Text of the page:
How to Plant in Tufa Rock
Tufa is formed as lime rich water evaporates, leaving behind a soft and porous calcium carbonate rich rock. This makes it an ideal rock for use in growing lime loving plants. In addition to its unique mineral content, the porous nature of tufa results in several properties of interest to rock gardeners. Tufa is light and easy to handle. For example, dry tufa can weigh half as much as a comparable size of granite. It also absorbs and holds water. When plants are grown in close proximity to tufa, they benefit from the slow and steady release of moisture. Finally, tufa is easily drilled to form planting holes and plants can be inserted directly into the rock to grow on as true rock plants.
Tools used to Drill Tufa
We use a cordless drill and masonry drill bits to drill directly into the tufa. For planting larger plants with an established rootball, we use a 1" bit while the 3/8" bit is used for smaller rooted cuttings
Drilling the planting hole
A ghost must be drilling this hole (or a driller/photographer). The technique used is to apply light, even pressure and pull the drill bit out of the rock every so often to clear the tufa sand that clogs the drill and slows the drilling process. These bits of calcium rich tufa sand can be saved to incorporate into potting mixes or used in the planting hole. It is not necessary to use a water when drilling this soft rock although the tufa seems somewhat easier to drill when it is moist rather than completely dry.
The planting hole
This planting hole is 1" in diameter and approximately 4" deep. This size allows a fairly large bare rooted plant along with some planting medium/tufa sand to be inserted. When using the smaller 3/8" drill, we generally drill a shallower 2" deep hole.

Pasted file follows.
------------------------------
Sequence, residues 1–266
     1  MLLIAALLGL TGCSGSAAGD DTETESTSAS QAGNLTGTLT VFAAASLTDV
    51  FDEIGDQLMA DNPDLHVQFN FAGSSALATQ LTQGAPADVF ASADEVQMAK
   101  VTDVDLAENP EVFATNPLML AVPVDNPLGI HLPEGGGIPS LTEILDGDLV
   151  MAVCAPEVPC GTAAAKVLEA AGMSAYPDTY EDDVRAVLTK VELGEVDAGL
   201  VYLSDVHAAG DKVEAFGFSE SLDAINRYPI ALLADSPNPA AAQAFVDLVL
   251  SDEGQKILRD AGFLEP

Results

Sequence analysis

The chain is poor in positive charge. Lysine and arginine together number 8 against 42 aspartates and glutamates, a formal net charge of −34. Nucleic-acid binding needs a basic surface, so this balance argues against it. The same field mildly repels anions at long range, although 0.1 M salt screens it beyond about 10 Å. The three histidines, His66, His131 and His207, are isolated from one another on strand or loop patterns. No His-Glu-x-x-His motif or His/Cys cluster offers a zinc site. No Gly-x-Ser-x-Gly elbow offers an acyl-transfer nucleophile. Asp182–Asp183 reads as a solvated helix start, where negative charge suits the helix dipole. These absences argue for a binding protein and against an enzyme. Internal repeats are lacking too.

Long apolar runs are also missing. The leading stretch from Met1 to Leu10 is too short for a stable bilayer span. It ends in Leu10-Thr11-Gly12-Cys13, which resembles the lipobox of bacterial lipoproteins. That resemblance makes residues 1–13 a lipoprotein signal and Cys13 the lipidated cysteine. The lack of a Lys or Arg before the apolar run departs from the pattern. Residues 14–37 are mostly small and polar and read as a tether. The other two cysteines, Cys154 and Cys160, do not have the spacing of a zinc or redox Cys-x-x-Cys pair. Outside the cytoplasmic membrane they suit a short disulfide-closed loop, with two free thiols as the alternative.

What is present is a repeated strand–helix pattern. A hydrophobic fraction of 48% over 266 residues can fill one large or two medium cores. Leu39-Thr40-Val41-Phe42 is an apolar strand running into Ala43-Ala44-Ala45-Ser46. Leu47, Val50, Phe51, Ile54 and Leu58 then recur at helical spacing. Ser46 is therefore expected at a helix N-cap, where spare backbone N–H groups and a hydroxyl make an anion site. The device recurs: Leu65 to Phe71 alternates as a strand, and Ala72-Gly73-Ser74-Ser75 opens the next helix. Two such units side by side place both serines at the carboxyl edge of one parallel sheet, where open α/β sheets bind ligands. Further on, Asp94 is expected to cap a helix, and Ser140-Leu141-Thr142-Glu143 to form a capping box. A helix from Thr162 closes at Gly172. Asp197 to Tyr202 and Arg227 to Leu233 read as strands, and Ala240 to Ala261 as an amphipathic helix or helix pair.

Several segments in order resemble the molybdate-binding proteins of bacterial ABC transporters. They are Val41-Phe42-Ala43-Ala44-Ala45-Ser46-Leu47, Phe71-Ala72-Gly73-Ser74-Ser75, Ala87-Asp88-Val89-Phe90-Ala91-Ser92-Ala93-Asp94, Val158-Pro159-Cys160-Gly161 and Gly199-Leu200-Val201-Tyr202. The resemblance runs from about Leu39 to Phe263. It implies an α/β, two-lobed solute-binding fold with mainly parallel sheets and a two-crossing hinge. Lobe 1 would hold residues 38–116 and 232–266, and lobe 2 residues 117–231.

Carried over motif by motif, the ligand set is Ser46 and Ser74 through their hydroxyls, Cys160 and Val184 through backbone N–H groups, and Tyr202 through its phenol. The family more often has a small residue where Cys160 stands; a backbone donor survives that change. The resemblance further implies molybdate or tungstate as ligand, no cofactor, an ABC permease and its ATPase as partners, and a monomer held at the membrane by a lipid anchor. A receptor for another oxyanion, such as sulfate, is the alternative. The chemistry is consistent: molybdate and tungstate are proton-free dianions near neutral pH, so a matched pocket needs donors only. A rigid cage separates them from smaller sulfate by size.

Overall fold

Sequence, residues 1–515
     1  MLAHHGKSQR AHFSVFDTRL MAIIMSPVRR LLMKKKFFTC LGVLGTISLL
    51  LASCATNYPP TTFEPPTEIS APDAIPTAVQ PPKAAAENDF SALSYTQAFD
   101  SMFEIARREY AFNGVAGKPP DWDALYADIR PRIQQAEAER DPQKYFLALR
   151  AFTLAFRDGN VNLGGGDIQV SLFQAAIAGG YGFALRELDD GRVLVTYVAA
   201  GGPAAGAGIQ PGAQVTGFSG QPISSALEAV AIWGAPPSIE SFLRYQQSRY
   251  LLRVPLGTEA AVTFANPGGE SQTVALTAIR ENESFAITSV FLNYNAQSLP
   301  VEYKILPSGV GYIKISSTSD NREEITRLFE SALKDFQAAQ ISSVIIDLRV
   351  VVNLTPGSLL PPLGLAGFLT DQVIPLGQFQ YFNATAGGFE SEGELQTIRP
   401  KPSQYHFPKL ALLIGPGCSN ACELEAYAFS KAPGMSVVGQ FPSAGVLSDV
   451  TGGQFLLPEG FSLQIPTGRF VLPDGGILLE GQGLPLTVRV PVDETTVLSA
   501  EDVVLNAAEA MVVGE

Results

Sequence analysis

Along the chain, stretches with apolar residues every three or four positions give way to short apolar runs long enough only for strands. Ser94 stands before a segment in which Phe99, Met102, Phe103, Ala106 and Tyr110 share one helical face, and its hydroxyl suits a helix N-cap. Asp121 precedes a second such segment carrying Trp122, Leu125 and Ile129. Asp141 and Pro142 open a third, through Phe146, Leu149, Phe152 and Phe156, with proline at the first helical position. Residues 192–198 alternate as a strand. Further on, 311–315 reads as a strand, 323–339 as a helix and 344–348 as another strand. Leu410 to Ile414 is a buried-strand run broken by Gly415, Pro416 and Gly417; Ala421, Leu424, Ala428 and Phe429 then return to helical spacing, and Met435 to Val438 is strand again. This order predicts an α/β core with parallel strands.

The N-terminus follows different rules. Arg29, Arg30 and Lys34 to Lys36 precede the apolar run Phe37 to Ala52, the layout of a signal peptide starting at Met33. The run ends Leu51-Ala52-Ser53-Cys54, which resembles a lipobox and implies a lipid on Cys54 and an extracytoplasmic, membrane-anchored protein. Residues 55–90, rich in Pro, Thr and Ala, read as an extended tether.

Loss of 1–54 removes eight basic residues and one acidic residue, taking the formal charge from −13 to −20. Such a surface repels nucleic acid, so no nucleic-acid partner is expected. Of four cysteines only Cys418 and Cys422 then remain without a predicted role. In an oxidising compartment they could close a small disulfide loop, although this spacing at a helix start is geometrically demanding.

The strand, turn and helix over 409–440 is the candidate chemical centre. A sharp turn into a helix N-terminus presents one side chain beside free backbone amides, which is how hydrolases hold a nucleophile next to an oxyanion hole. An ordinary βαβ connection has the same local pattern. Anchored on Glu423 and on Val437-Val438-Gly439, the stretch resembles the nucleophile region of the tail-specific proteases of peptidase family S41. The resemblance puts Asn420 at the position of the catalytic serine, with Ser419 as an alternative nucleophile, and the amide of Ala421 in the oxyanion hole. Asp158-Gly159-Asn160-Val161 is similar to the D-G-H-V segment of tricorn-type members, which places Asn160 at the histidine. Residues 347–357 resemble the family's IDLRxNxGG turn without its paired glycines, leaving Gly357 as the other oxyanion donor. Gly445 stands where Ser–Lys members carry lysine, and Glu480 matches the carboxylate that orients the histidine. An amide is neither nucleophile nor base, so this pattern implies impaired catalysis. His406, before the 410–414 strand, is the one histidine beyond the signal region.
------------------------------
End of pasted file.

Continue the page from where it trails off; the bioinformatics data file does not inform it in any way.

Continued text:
Planting in the hole
Our planting mix includes a small amount of time release fertilizer to help the plant become established in its new home. Many calcium loving rock plants will grow happily once their roots have tapped into the mineral rich environment of the tufa. If an established plant shows nutrient deficiencies such as yellowing foliage or failure to thrive, it can be sprayed occasionally using a liquid fertilizer.
A bamboo BBQ skewer was helpful to use when inserting this Primula auricula hybrid. The skewer was used to guide the rootball to the bottom of the hole. A flat head screwdriver can also be used for this purpose. After the plant is in place, I used my fingertips to compress the soil in the hole and to remove air voids and then gently pressed small pieces of grit into the area around the crown of the plant. Care must be taken not to damage the plant but this step helps retain loose soil in the planting hole and also provides the usual benefits of a grit mulch to the plant.
Some pieces of tufa have natural planting basins and these can be used as planters. Within a few weeks of planting, the roots of this mature Saxifraga x burnatii plant had penetrated the surrounding tufa and was sending out rosettes to fill adjacent voids. Tufa can also be shaped with cold chisels and planting holes can be created.
Pieces of tufa can be used as stand alone planted rocks. We planted this rock with an assortment of alpine Primulas and placed the rock in a saucer filled with tufa grit.
Is there any sight that makes a rock gardener happier than a healthy flowering alpine growing directly out of rock?
Saxifraga crustata in tufa. Silver saxifrages and dwarf cushion Kabschia saxifrages are ideally suited for growing in and around tufa
Time and Tufa
Here is Kabschia saxifrage 'Simplicity' flowering happily in tufa in mid-winter. Over time tufa will take on the "patina" of age with mosses and, in our NW climate, liverworts becoming embedded in its surface. This is not a problem until it threatens to overrun a precious alpine in which case a spritz of vinegar from a spray bottle can be used to control it.